During the pandemic, Pearl was faced with the challenge of staying financially stable as Houston bars shut down for months. “I had written this letter on Instagram to Ellen Degeneres and asked her if she’d be our ‘lesbian-bar sugar mama.’ I was just trying to be comical, but at the same time, I was frozen in fear with everything.”
Mabry’s attempt to gain support via social media caught the eye of documentary filmmakers Erica Rose and Elina Street, as well as actor and producer Lea Delaria, of Orange Is the New Black fame, among other credits. The team was interested in covering Mabry’s establishment after learning that it is one of fewer than 30 lesbian bars currently operating in the United States.
“The Lesbian Bar Project documentary came up within the first four months of the pandemic,” Mabry explains. “Most lesbian bars don’t have a huge amount of disposable income. They were going to use [Delaria’s film] as a fundraising tool.”
But as the documentary project progressed, Houston’s LGBTQ community rallied to donate over $40,000 in an effort to save Pearl. Mabry was no longer feeling the sting of financial uncertainty, so she saw Pearl’s involvement in the documentary more as a means of educating the public and supporting other lesbian bars. “The direction with The Lesbian Bar Project was to shed light on why lesbian bars have been declining over the past 20 years, and focus on the ones that are still here,” Mabry notes. “[After the project’s two national fundraising drives raised almost $200,000], I donated our part back both times. I thought it was cool what they were doing, mainly for the bars on the East Coast and in California that couldn’t open as soon as we could.
“I do still think that there’s a necessity for our bars, because that’s our safe haven.”
“I think what’s happened is our community has grown so much, and we have been more accepted than ever,” she says. “A lot of people think we still have a lot of things to fight for, but in general—especially in Houston—our community is very much supported. I think we have one of the most amazing cities, [where] lesbians, or even our larger queer community, don’t have to go to a specifically queer or lesbian bar anymore. Lesbians used to go to lesbian bars because they didn’t want to be judged. I think that a lot of us realize that it’s changed a lot. I still think there’s a necessity for lesbian-specific bars and queer bars, because lesbians do want to go out if they drink. They want to be able to hit on someone that isn’t some guy’s girlfriend. I do think lesbian bars are always going to be a necessity, but at the same time, it’s been pretty cool to watch everything evolve. I’m 49, and a lot of the younger generation—both lesbians and the larger queer community—go to straight clubs. I think it’s an awesome thing, but I do still think that there’s a necessity for our bars because that’s our safe haven.”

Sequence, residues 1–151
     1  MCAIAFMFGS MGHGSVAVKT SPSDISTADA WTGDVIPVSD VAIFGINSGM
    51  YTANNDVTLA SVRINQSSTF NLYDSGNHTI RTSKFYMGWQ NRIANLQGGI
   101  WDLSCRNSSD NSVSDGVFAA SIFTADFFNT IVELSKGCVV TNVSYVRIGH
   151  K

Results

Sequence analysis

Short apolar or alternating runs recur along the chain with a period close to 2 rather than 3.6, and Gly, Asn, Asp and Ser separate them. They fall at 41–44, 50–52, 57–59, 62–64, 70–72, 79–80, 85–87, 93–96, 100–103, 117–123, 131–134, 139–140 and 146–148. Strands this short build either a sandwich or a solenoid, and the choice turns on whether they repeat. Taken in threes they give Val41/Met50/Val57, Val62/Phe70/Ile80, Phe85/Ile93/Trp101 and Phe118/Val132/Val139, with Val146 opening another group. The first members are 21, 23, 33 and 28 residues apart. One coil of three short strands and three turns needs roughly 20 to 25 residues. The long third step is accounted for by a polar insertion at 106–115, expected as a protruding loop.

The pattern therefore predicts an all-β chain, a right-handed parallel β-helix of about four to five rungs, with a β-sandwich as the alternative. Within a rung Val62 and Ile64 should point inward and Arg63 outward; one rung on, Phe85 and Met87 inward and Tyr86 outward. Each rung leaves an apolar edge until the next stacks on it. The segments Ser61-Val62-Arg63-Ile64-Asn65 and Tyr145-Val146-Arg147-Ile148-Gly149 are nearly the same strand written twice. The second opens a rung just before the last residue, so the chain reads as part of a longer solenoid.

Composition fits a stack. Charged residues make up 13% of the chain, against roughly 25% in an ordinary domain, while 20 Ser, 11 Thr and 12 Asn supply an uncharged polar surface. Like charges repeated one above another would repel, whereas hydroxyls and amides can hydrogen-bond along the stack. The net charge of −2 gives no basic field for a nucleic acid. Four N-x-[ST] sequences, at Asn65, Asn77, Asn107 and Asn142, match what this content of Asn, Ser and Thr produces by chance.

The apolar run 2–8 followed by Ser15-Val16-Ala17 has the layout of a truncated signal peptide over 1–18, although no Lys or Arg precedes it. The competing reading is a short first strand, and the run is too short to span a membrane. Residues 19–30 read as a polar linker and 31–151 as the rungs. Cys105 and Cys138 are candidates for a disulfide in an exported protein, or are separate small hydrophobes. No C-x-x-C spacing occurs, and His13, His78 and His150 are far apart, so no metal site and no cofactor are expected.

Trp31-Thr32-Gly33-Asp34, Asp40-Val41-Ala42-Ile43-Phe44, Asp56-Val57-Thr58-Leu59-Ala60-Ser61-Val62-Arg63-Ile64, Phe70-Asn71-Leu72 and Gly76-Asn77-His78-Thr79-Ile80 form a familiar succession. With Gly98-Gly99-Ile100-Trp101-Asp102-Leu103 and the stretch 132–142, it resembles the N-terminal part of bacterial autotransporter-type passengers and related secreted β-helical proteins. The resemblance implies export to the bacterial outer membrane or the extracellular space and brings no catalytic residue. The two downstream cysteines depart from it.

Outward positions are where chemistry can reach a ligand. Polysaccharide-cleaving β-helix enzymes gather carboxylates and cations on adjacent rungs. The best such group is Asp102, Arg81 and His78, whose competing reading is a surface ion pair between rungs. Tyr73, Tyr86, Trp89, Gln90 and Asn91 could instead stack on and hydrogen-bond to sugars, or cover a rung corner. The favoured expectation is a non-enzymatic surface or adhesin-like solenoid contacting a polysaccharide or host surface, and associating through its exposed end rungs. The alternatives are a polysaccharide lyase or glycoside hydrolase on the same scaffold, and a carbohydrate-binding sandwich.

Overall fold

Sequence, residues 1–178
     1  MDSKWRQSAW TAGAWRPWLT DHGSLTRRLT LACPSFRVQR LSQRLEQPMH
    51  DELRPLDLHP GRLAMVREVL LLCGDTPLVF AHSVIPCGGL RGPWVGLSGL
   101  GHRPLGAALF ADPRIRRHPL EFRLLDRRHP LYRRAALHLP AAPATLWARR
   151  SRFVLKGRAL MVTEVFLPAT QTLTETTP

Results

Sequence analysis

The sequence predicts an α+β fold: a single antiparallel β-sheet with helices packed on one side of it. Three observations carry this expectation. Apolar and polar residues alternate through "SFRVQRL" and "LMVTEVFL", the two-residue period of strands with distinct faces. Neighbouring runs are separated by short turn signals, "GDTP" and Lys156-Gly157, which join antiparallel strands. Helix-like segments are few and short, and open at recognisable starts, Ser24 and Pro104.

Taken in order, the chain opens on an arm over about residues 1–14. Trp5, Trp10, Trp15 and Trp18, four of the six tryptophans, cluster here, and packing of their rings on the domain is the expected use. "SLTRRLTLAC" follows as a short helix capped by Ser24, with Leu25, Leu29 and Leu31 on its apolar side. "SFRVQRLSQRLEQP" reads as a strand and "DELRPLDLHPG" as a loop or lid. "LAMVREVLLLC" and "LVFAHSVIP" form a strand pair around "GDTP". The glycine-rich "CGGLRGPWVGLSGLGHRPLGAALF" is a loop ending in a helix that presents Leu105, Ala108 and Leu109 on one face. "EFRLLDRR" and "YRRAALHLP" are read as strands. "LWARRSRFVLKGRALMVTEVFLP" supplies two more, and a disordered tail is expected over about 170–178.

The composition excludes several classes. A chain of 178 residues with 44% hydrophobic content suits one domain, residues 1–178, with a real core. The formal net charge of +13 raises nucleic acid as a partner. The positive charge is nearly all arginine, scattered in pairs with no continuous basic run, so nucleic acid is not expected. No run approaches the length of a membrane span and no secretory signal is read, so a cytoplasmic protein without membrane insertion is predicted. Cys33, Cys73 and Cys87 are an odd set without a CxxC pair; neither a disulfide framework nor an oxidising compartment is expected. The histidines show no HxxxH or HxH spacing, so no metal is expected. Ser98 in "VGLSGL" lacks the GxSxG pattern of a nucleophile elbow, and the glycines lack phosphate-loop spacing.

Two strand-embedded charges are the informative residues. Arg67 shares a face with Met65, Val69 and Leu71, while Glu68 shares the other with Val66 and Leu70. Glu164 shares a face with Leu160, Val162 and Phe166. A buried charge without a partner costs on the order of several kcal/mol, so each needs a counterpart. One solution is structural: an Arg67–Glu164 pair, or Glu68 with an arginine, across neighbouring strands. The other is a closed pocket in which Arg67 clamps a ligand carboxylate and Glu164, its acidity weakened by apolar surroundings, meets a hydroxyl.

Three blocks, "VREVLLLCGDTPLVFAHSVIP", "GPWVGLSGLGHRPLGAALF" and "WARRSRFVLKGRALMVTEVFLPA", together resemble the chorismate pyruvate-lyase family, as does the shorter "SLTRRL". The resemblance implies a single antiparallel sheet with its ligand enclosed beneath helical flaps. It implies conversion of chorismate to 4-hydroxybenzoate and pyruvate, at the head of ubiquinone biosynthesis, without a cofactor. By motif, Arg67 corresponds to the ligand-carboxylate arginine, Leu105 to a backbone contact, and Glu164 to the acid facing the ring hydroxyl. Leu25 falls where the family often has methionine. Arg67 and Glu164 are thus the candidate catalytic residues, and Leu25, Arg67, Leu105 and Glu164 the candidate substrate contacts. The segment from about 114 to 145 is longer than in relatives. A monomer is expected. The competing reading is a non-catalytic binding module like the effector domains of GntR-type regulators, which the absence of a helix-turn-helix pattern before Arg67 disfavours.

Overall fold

There’s no doubt that Mabry’s contributions to Houston’s lesbian and queer communities have had an immeasurable impact—even on out-of-towners she’s never met. “After The Lesbian Bar Project came out, we were contacted by people from all around the world, and a lot of younger people that didn’t even know that lesbian bars exist,” she says. “I know that sounds crazy, but it’s true. For a lot of us, we definitely find ourselves in a very small community.”
Her sobriety is an achievement that has led her down a path of success as she looks forward to Pearl’s future and the impact it can have on both regulars and newcomers who pass through its wooden doors with glass windows. “A lot of people go to my bar, and probably 15 or 20 have told me that they want to quit drinking or quit doing drugs. And they have! But they still come to Pearl, because that’s their safe place,” she says. “I think my message, and what I want everyone to see about Pearl, is our ability to persevere and still provide a safe environment for our community.”